When climate activist Helena Gualinga was a child, she lived in fear of not being able to return to the place she calls home: the Sarayaku indigenous community, located deep in the Ecuadorian Amazon. Living between Finland and Ecuador, Gualinga spent years and months at a time in the community throughout her childhood, and each time she left to go back to Finland, she worried that extractive industries would destroy the land.
Ecuador’s indigenous Sarayaku community is one of over 800 indigenous communities in Latin America. It is small in size, made up of approximately 1,500 people who live so remotely that they can only be accessed by canoe or a small airplane.
Like many indigenous groups, the Sarayaku faces the constant threat of losing their land, which is highly sought after by extractive industries. These industries have been able to exploit the territory for oil exploration since 1996, when the Ecuadorian government signed a contract with national oil company Petroecuador and CGC, a subsidiary of Chevron in Argentina.
In 2002, the year Gualinga was born, CGC and members of the Ecuadorian military entered Sarayaku lands to conduct seismic oil exploration, despite the government not asking the community’s permission to do so. In addition to confronting and asserting violence against members of the Sarayaku community, the company placed 1.5 tons of explosives in the forest, which destroyed sacred sites, according to the International Network for Economic, Social and Cultural Rights.
In 2012, the Sarakayu community took the Ecuadorian government to the Inter-American Court of Human Rights over the incident, and won. This is why Gualinga, now 17 years old, started her activism early, growing up taking part in protests and strikes alongside her family.
For Gualinga, growing up in an indigenous community is a form of activism in itself. “What is activism?” she asked Latin America Reports, rhetorically. Activism, in her opinion, is creating social change through action.
“We have had to stand up to big corporations and corrupt governments trying to get into our territories,” she said, explaining how the everyday lives of indigenous people revolve around taking action to protect their land.
In her opinion, the world can learn from indigenous people’s respect for the environment, and how they “risk their lives” to protect it, and apply this to the global fight against climate change.
Protecting their surroundings comes as second nature to the Sarayaku community, who live off of the land by hunting, fishing and cultivating their food.
“We value the forest as much as we value people because we believe it has a spirit,” Gualinga explained. “The water is a protector, the birds are also protectors,” she continued, describing how the community has gained generations worth of knowledge from the land.
Although their lifestyle is what brings these communities closest to the environment, it also places them in a particularly vulnerable position, as they do not have the resources to deal with the environmental damage that extractive industries are already causing.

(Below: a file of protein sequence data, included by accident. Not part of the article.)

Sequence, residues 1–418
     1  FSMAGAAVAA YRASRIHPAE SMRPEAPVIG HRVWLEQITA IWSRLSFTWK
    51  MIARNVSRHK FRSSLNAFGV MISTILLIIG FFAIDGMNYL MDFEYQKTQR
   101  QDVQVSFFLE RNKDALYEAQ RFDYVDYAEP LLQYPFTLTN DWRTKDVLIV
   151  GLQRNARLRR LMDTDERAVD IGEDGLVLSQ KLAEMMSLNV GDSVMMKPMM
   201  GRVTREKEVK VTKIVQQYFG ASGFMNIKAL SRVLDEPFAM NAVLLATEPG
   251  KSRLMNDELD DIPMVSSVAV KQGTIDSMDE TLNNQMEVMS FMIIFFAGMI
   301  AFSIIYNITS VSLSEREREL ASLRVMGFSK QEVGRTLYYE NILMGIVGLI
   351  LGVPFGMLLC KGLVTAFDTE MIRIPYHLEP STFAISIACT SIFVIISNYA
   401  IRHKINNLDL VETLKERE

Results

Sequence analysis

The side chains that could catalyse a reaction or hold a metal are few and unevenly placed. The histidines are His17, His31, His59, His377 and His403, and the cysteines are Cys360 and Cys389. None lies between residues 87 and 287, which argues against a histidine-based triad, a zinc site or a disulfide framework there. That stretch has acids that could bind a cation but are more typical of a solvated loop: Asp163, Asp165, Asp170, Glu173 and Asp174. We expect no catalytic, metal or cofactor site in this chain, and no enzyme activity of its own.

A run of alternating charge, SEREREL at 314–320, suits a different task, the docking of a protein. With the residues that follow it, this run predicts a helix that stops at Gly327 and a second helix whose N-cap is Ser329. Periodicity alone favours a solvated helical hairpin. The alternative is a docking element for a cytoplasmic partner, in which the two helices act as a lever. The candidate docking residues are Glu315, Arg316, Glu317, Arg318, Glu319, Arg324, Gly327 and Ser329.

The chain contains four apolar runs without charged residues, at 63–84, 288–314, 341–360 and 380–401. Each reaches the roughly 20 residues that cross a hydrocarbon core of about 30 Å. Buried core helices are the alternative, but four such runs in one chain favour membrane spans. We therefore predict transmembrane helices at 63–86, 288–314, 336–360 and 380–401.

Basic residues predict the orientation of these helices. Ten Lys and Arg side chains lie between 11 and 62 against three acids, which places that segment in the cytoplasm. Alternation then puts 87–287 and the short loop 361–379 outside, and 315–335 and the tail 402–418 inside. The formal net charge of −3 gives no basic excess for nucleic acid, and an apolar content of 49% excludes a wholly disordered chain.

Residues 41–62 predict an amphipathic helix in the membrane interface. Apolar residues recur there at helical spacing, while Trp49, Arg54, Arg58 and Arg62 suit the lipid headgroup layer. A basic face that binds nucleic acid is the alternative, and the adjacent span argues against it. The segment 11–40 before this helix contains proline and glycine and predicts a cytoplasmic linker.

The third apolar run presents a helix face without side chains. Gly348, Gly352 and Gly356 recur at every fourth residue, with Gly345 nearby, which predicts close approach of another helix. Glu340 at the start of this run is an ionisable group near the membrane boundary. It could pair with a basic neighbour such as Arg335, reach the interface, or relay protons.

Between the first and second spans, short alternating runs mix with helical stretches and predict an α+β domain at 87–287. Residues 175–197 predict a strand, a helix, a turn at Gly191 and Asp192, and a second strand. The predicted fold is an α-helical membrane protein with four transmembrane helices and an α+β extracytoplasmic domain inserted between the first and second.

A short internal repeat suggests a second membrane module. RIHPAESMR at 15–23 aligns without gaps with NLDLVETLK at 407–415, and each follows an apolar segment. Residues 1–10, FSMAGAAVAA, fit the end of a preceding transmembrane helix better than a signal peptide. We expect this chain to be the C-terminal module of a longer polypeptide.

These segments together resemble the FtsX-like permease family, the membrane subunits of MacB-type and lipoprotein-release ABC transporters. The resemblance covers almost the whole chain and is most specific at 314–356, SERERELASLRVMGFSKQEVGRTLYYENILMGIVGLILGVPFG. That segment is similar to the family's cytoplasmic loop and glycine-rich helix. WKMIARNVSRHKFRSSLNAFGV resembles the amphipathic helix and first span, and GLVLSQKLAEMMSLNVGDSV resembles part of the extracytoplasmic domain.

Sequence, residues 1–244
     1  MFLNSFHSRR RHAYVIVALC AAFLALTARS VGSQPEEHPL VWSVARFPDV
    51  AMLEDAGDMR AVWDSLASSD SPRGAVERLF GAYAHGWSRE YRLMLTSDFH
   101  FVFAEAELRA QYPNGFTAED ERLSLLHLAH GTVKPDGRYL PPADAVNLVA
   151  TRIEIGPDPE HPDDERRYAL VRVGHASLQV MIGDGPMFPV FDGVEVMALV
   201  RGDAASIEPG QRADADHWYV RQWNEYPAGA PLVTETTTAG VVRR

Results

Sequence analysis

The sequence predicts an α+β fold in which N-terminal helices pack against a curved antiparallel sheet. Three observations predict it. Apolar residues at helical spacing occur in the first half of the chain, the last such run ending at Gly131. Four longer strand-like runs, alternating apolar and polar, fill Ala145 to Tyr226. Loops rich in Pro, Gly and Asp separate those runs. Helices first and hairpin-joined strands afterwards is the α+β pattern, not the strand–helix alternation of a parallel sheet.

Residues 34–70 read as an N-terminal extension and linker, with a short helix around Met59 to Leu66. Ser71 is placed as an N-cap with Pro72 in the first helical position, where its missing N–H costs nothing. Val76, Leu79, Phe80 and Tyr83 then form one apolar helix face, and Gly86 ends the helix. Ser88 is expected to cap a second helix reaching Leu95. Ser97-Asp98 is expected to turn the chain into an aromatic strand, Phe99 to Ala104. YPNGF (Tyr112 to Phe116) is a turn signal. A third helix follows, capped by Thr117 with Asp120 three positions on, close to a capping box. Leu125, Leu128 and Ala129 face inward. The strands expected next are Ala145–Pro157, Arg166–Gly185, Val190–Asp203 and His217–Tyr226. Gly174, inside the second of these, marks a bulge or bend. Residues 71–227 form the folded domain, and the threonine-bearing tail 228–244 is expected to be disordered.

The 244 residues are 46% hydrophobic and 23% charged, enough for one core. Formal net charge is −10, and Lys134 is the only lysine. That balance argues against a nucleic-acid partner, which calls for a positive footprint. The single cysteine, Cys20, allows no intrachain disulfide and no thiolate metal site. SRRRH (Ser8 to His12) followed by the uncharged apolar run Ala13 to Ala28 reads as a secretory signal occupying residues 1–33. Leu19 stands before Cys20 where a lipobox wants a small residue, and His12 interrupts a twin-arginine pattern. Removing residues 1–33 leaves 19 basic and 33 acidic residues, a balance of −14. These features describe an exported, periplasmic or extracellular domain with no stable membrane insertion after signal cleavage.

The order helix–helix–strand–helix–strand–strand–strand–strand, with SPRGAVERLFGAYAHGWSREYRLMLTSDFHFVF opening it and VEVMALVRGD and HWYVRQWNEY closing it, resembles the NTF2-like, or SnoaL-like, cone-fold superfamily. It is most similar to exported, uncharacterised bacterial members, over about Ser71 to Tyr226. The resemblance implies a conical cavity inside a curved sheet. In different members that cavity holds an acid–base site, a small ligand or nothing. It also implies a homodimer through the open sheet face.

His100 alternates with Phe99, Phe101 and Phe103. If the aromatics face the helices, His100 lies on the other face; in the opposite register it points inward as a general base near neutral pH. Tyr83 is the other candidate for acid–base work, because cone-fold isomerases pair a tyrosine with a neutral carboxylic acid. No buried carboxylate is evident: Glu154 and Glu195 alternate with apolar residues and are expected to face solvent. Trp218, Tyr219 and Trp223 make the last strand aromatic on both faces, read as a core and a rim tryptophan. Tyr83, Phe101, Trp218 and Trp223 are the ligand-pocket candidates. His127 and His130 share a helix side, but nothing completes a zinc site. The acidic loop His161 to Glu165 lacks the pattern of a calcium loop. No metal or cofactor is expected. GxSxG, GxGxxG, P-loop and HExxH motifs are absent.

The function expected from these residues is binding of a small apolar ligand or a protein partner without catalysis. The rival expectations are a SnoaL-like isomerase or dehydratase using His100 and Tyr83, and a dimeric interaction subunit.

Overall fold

This is why stopping industries like the fossil fuel industry is Gualinga’s primary concern.This year, while juggling her school work, she is spearheading a campaign called ‘Polluters Out’ that recently launched on January 24.
This project involves over 200 young climate activists, scientists, indigenous people, and members of grassroots organizations from over 40 countries around the world. Latin America is heavily represented in the list of member countries, which includes Ecuador, Argentina and Colombia.
According to the project’s website, ‘Polluters Out’ was born out of the “failure” of the COP 25 United Nations Climate Change conference, held last December in Madrid, where Gualinga spoke on a panel. This failure, its members believe, is a “symptom” of the fossil fuel industry’s dominance over land, government, banks, universities, and even climate negotiations themselves.
‘Polluters Out’ aims to remove the fossil fuel industry from every sphere it influences, starting by presenting the organization’s demands to governments who can take concrete action. The three pillars of their requests include removing fossil fuel industry influence and financing from negotiations, panels and discussions at the UN climate change conference; adding indigenous rights into the Paris Agreement; and increasing transparency over their spheres of influence.
Gualinga’s early activism has earned her comparisons with the Swedish environmental activist Greta Thunberg, who is of the same age. Gualinga admires Thunberg and the way she has inspired people to wake up to the threat of climate change by representing her generation, which was “screaming for action,” she said.
For Gualinga, it is important that young role models continue to speak up and give voices to communities who have been marginalized in the fight against climate change. Luckily, Gualinga is able to live between two worlds, enabling her to broadcast her remote community’s message on the international stage from her base in Finland.
However, unlike Thunberg, who spent time striking from school and decided to put her education on hold in the name of the fight against climate change, Gualinga intends to balance her passion and her education for one more year. Before university, where she plans to study a social science, Gualinga intends to take a year off.
After her studies, one of Gualinga’s hopes for the future is to return to the Sarayaku community to work and live a normal life. Until that day comes, she must keep fighting to protect it.
Having worked in newsrooms in both Bogotá and Rio de Janeiro, Sophie is a British journalist now based in Medellín and writing for Latin America Reports. She is interested in post-conflict Colombia, historical memory and transitional justice in Latin America. Her work has also been published by Al Jazeera English, World Politics Review, El Tiempo and O Globo.